I am Dr. Sir with the sincerest esteem & affectn. Yours,

Js. Madison Jr

RC (DLC: Madison Papers); partly in code; endorsed both by TJ and by Madison. Recorded in SJL as received 23 Feb. 1789. Enclosures: (1) Probably a copy of the New York Journal, and Weekly Register of 23 Oct. 1788 (if, as is almost certain, the casual opportunity mentioned by Crèvecoeur did not depart before that date), wherein there appeared an extract from the journals of the convention held at Danville, Kentucky, on 28 July 1788, reading in part as follows: “Whereas it appears to the members of this convention, that the United States in Congress assembled, have for the present declined to ratify the compact entered into between the legislature of Virginia and the people of this district, respecting the erection of the district into an independent state,” the convention calls upon the inhabitants of the counties of Kentucky to elect representatives to meet in November and to invest in them “full powers to take such measures for obtaining admission of the district as a separate and independent member of the United States of America, and the navigation of the river Mississippi, as may appear more conducive to those important purposes: and also to form a constitution of government for the district, and organize the same when they shall judge it necessary, or to do and accomplish whatever on a consideration of the state of the district may in their opinion promote its interest” (it is to be noted that it was during Oct. 1788 that Madison sent to John Brown of Kentucky his comments on TJ’s draft of a constitution for Virginia; see Vol. 6: 308–17, especially p. 316). (2) The little pamphlet was evidently The Ratifications of the New Fæderal Constitution, together with the Amendments, proposed by the Several States (Richmond, 1788), a copy of which is in the Madison Papers (DLC: Vol. 76, p. 35).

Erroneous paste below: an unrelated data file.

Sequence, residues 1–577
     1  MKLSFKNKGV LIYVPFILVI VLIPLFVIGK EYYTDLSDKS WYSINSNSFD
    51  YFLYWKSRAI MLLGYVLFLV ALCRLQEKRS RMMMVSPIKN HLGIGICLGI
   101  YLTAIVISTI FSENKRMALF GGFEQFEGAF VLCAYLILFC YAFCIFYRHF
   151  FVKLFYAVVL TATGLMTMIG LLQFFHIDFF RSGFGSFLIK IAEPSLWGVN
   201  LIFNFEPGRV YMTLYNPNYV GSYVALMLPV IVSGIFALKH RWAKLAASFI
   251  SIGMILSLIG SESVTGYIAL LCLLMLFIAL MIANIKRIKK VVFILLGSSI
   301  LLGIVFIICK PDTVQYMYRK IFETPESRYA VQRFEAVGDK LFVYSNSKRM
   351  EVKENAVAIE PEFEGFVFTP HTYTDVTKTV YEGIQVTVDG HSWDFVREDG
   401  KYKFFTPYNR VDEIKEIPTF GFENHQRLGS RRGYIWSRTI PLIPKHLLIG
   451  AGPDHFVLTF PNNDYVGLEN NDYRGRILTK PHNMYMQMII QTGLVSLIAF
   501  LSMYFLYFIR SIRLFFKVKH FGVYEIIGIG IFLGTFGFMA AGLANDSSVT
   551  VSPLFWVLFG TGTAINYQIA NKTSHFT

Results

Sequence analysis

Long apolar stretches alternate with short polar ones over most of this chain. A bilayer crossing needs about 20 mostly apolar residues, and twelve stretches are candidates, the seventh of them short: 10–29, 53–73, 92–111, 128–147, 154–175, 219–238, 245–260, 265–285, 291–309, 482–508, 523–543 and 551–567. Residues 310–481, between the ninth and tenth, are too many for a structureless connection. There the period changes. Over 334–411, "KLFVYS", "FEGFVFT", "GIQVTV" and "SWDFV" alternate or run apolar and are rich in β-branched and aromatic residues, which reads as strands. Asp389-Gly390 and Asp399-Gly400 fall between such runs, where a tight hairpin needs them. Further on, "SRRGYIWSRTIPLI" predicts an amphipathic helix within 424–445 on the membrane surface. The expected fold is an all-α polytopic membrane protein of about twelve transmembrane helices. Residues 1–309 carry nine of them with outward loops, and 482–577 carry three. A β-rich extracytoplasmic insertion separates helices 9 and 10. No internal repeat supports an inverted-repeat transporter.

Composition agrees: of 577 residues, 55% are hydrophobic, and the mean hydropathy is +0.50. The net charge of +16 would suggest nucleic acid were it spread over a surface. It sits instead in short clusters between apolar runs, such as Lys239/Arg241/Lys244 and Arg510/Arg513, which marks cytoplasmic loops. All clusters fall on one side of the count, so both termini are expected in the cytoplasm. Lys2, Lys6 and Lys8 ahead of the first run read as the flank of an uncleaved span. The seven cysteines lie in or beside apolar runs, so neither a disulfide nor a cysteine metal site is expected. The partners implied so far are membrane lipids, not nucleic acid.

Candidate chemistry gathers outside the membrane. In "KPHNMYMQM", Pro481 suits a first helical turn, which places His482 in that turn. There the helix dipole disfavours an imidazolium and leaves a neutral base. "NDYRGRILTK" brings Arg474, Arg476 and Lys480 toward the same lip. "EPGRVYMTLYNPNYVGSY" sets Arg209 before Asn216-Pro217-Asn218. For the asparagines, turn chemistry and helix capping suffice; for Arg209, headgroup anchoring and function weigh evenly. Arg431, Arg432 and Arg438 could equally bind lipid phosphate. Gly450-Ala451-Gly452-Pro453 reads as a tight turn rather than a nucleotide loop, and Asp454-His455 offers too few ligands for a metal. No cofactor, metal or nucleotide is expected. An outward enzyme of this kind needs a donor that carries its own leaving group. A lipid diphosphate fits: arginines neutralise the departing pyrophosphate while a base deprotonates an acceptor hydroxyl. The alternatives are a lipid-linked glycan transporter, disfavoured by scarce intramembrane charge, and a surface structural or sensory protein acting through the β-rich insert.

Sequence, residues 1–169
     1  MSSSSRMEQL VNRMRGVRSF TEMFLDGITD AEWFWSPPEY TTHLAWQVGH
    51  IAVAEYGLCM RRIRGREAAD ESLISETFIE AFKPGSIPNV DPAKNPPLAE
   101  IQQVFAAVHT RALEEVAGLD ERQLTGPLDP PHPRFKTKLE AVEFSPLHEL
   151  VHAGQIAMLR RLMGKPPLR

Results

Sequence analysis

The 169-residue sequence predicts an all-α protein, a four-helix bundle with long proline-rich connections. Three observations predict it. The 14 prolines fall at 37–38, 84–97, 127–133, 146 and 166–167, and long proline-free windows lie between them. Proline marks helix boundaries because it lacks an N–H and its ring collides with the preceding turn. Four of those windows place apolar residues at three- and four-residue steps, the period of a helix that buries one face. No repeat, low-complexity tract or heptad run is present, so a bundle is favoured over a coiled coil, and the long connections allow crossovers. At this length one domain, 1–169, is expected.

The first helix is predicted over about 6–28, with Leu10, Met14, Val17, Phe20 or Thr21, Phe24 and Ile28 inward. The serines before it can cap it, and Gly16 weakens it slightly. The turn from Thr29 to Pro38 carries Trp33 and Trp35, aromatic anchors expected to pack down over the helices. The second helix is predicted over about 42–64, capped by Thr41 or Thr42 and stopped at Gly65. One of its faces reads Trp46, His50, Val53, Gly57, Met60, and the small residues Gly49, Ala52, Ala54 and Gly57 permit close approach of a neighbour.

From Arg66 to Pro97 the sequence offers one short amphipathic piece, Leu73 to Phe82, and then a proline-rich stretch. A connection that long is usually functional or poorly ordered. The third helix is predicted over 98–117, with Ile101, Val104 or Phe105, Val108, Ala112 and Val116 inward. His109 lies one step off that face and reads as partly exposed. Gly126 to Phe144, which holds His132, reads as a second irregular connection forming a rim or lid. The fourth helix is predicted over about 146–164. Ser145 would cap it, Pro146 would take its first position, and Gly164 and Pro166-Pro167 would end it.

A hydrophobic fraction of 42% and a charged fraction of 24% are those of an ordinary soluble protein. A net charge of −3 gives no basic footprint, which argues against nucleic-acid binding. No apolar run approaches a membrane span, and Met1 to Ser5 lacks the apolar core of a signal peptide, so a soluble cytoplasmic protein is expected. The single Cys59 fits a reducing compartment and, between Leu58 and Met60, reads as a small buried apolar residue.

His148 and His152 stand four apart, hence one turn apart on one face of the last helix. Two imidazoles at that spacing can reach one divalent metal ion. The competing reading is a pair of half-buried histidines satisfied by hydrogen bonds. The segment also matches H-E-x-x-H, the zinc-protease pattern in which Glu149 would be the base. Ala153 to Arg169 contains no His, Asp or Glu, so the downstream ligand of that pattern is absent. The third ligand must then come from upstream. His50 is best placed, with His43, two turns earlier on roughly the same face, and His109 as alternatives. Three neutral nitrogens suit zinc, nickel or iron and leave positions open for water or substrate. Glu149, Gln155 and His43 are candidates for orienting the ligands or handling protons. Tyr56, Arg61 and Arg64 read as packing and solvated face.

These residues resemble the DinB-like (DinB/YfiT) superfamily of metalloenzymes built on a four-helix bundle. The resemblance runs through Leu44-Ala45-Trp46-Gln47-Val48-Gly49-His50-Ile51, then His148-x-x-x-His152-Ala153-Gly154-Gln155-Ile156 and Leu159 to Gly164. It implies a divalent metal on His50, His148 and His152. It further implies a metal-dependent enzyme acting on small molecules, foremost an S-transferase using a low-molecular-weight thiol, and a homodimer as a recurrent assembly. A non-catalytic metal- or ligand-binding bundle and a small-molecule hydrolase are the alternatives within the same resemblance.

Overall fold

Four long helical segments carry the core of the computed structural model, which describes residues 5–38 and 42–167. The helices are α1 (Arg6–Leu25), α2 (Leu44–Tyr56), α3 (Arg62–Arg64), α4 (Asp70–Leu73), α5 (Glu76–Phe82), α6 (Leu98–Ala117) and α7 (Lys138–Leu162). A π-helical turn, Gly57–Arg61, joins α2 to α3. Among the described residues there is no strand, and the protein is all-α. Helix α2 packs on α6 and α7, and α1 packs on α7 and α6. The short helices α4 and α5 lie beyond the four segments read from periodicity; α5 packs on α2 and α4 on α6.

1Date changed by overwriting from “16” to “17.”

2This and subsequent words in italics, unless otherwise indicated, are written in code and were decoded interlineally by TJ; his decoding has been verified by the Editors, employing Code No. 9. Several minor errors of encoding were corrected by TJ and have not been noted here.

3This word interlined in substitution for “not a few,” deleted.

4Preceding seven words interlined in substitution for “should happen now to be of one sect.”

5This word underscored in MS.

6At this point Madison interlined the word “existing,” an alteration evidently made late in life after the letter had been returned to him.

7As originally written this sentence ended: “…nusances in Governments which establish them.”